# y′′ − 2y′ − 3y = 3e^2t?

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find the general solution of the given differential equation.

### 1 Answer

• Start by solving for the solutions to the homogeneous problem:

y” – 2y’ -3y = 0

As usual for this class of problems, assume a solution of the form y = exp(kt), so y’ = kexp(kt) and y” = (k^2)exp(k*t). Plugging these into the differential equation yields the characteristic equation:

k^2 – 2k – 3 = 0

(k-3)(k+1) = 0

k = 3 and k = -1

The homogeneous solution is therefore:

y_h = aexp(3t) + bexp(-t)

where a and b are the constants of integration.

Now use the method of undetermined coefficients to solve for a particular solution. We seek a solution that is a linear combination of the forcing (nonhomogeneous) function and all of its derivatives. In this case, that means we are looking for a solution of the form y_p = c*exp(2t). This solution is linearly independent of the solutions to the homogeneous problem, so we don’t have to do anything “special”.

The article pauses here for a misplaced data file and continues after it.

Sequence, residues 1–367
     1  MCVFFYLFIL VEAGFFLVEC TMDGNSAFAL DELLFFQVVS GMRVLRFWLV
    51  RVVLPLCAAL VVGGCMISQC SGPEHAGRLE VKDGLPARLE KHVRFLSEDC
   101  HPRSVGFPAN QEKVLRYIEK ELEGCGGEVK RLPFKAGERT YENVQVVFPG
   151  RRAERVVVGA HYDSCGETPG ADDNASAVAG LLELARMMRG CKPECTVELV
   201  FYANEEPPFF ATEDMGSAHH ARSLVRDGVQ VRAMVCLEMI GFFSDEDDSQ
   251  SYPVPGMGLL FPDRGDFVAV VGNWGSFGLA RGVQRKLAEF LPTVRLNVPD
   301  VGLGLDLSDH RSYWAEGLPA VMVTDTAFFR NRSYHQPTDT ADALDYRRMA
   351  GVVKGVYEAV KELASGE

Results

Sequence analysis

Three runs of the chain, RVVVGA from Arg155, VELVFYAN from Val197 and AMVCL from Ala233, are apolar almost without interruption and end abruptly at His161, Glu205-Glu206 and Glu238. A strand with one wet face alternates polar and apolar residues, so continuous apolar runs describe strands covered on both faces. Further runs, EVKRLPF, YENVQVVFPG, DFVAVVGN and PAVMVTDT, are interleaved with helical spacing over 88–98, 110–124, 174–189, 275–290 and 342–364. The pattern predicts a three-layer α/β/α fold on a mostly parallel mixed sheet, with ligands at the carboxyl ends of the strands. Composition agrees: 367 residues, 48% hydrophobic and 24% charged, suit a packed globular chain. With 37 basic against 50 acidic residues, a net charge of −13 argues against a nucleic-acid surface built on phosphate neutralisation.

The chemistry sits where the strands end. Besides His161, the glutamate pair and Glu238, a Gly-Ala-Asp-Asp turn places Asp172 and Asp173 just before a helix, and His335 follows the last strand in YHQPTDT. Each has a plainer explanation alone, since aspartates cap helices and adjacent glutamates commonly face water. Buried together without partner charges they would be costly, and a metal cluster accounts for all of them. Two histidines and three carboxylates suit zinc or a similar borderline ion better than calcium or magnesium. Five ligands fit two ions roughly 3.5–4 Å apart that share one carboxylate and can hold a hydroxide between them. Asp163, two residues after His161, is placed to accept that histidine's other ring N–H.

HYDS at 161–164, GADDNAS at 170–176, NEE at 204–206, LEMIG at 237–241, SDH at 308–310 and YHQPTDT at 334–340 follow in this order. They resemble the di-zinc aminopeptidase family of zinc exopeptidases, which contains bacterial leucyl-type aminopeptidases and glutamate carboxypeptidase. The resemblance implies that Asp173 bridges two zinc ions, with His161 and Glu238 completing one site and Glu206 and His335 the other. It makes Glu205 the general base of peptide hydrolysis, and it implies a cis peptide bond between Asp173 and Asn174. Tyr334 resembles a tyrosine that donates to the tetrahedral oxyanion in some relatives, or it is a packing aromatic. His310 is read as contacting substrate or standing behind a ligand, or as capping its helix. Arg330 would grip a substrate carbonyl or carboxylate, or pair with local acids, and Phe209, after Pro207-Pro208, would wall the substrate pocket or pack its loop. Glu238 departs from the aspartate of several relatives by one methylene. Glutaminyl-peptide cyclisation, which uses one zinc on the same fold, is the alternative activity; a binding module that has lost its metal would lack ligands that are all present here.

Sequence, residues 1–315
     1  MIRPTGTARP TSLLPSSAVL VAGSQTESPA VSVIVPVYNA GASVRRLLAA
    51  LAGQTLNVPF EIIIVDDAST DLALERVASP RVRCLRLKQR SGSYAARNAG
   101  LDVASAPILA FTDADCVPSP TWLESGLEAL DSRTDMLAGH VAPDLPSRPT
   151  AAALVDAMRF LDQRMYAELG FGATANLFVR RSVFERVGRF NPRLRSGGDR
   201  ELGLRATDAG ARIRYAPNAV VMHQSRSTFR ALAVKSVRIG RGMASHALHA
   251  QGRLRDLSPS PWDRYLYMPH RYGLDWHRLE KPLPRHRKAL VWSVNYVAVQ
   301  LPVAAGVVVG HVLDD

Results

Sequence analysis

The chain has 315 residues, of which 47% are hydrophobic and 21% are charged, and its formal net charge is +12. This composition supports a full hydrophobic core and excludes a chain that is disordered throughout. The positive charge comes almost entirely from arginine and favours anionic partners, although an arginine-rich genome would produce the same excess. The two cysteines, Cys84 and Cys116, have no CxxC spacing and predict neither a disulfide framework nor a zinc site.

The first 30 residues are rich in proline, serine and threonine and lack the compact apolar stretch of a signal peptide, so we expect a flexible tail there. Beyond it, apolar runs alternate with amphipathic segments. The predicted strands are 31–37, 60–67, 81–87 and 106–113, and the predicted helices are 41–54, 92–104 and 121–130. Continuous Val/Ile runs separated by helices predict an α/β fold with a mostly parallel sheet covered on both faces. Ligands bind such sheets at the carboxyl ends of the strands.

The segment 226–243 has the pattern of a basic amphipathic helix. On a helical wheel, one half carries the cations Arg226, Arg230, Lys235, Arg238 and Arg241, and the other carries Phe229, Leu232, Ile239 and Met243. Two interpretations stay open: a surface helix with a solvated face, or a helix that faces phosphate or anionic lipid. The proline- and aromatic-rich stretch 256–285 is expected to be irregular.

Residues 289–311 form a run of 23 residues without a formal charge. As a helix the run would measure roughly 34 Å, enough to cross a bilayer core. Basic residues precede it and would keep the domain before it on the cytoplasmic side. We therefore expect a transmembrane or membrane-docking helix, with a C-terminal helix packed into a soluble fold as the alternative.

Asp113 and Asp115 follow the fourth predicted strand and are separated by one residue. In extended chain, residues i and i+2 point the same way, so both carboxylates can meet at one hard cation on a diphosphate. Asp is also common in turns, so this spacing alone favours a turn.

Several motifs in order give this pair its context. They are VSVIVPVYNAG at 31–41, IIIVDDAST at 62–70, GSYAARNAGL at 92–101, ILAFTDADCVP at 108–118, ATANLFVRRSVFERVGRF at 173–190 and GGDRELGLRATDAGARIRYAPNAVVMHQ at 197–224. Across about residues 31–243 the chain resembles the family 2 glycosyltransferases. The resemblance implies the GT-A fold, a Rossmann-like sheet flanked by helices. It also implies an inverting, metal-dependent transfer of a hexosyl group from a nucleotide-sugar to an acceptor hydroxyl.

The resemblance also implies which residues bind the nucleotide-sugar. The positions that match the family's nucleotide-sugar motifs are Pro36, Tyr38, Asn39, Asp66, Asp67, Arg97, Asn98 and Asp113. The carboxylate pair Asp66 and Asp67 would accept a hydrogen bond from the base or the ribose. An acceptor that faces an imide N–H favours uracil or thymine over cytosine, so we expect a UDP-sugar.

Differentiate this trial solution, plug the results into the original differential equation, and solve for the undetermined coefficient, “c”.

y’_p = 2cexp(2t)

y”_p = 4cexp(2t)

4cexp(2t) – 4cexp(2t) – 3cexp(2t) = 3*exp(2t)

-3c = 3

c = -1

so the particular solution is y_p = -exp(2t).

The complete solution is given by the sum of the homogeneous and particular solutions:

y(t) = a*exp(3t) + b*exp(-t) – exp(2t)

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